Dully misty day again and very quiet, so far. Went over and had tea with Bob [Maxwell] yesterday. An old Marine called Poe attached to us for four days. A man wounded yesterday evening and another today, both Englishmen. Not serious. Arm broken and flesh wound. Looked very like rain this a.m., but has kept off. Great thing being dull. The Bosche ‘planes don’t come over and observe working parties, and their artillery is quiet. Fergie went off yesterday. Young Shill. doing splendidly. Mayes, the new Chaplain, has gone sick. Not been long out here before getting sick.



Here I am in the line again. We got in safely, by day, thank Goodness, and had a quiet night. 12th [Royal Irish Rifles] had a very quiet tour. Weather dull and inclined to rain. Fergie has got 14 days leave and went off this morning jubilant. Quite a good Bn. H.Q., I think the best we have struck so far. We have put in elephants; there was nothing before to protect one. Had a long trek all round the line this morning—pretty bad in parts, but considering frost and thaw not so bad as I had expected. Bob Maxwell and G.B. looked in yesterday evening. I really have been curiously lucky this winter. Last night was the first night I have spent in the line since Dec. 2nd!


Lovely sunny spring day. All kit packed for the line, so writing under difficulties. Capital news from the South.


Lieutenant Colonel Blacker’s ‘good news’ was German withdrawal from the Ancre. Unknown at the time was the siting, extent, depth and length of the Hindenburg Line, all of which meant a stronger position than those vacated, and held with fewer troops.


Foggy early, but now sunny and spring-like, the first day approaching spring weather we have had. Haven’t quite picked up the Battalion life after my long absence. Henahan was only wounded slightly in the head, and remained at duty. Allen was also grazed in the head and remained at duty. Ensor returned today from Army School. Good match yesterday; they beat us five goals to four. Padre gave us a splendid sermon on ‘Temptation’ this morning. Who should look in this evening but Charles Hope. Now a Major in 16th Div. Arty. [See 13 November Letter.] Full of chat, says he is paying £700 a year in death duties for eight years. Askwith, who was Brig-Gen., is now Lieut. Col. again, as they abolished his billet with Cavalry Corps; at present home on sick leave. It’s been a peaceful day, but looks like rain. There have been a good many raids and counter raids on this front, with varying success. Ll. G. made a splendid speech.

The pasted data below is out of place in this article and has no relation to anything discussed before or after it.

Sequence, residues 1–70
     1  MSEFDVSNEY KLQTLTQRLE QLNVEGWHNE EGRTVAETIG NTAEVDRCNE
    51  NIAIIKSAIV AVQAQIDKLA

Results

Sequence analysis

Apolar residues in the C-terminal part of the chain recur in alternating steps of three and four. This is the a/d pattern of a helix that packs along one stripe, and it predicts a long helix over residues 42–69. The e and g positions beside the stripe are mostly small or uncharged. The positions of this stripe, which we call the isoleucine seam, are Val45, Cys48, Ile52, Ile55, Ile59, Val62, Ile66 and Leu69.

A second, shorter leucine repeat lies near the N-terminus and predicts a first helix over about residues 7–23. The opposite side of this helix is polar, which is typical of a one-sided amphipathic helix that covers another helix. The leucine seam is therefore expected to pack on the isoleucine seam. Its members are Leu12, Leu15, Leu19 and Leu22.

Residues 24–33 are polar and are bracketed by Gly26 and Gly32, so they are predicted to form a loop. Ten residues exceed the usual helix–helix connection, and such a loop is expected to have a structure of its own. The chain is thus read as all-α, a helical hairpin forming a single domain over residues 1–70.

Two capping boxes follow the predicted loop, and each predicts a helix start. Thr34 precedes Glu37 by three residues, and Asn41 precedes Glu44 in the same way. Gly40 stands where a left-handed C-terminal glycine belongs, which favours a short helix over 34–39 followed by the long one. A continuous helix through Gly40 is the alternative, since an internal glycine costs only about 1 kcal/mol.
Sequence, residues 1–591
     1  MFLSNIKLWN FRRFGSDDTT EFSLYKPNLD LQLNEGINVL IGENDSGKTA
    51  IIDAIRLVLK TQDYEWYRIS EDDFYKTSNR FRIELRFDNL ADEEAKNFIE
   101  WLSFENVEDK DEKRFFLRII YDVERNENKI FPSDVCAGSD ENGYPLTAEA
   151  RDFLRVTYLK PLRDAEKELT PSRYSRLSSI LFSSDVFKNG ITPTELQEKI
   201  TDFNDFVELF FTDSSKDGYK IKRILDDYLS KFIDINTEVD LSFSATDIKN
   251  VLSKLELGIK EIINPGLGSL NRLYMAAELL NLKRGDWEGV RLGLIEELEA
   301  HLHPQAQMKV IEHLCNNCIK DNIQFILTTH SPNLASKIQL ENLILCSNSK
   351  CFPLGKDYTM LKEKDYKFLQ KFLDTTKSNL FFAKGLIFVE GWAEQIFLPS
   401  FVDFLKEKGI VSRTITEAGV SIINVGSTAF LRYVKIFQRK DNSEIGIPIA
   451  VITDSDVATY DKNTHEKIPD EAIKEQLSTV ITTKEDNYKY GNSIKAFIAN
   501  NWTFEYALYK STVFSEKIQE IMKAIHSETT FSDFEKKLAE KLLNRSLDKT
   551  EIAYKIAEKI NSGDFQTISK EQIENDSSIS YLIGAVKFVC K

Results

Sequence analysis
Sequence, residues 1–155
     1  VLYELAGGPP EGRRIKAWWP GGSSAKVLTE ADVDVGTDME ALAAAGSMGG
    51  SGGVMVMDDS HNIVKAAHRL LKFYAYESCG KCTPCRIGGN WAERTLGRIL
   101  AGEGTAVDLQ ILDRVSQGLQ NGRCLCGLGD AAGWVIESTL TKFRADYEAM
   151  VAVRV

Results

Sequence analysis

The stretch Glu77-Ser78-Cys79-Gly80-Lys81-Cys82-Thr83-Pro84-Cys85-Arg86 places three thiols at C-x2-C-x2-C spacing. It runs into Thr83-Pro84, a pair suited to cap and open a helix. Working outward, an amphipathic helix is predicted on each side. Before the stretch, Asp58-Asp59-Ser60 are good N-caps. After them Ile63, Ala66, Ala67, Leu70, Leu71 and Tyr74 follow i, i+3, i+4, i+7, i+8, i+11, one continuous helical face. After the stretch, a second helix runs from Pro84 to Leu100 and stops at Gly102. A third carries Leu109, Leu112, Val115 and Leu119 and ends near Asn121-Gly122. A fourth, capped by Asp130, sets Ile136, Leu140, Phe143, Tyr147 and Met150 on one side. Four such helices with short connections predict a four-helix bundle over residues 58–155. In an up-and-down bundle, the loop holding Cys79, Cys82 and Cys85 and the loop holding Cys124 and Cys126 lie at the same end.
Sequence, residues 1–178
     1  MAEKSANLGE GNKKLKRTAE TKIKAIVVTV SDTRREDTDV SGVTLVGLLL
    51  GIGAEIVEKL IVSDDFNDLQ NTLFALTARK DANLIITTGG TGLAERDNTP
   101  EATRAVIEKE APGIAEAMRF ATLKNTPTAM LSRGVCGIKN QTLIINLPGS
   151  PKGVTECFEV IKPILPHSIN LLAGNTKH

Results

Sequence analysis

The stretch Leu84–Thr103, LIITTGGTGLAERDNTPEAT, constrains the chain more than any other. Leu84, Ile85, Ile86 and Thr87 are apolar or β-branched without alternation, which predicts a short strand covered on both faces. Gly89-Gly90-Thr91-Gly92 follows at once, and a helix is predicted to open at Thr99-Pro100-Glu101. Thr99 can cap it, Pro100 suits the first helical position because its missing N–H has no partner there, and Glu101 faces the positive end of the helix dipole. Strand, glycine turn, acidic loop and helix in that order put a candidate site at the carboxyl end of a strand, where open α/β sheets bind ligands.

The speech referred to by Lieutenant Colonel Blacker was given by Prime Minister Lloyd George in Parliament on 23 February. It dealt with the shortage of food and other imports vital to the war effort, and the measures required to alleviate the problem. See Hansard.


Dull today, but no fog. The latest craze is planting waste places in vicinity of huts and camps with vegetables. With these constant moves I consider the lack of continuity will militate against success, at an important moment in the life of the potato or cabbage. Units will be changing, and die, I fear. I am going to try half an acre at the Transport, under the care and supervision of Stronge.


Foggy and wet like November. General arrived last night; he was hung up at Folkestone; no boats running. It was a Regt. in the 16th Div. that got so mauled last week (young Harden’s) and whose wounded were brought in. We go in on Monday. The 9th have won the General’s Silver Bugle, so everyone is greatly bucked. The 13th were running us close, but were beaten at football yesterday. We are playing R.A. this afternoon, and 8th R.I.R. tomorrow. Our Bde. H.Q. in the line have been greatly strengthened and good elephants put in. Allen and Henahan were both grazed with shell last tour, but never went off duty. Quite slight.


Came back to the Battalion just before dinner, having cleared up every paper, and left nothing ‘pending’ in Bde. Office. This morning Duke ‘phoned to say the General never returned last night after all, and is not yet back, so I had to go up this morning and spend a long time clearing papers up, etc., again. We have had none of your lovely February days—foggy and wet again today. Am stuck for another Gen. Court Martial tomorrow. Quite a nice billet here, and I have quite a comfy room.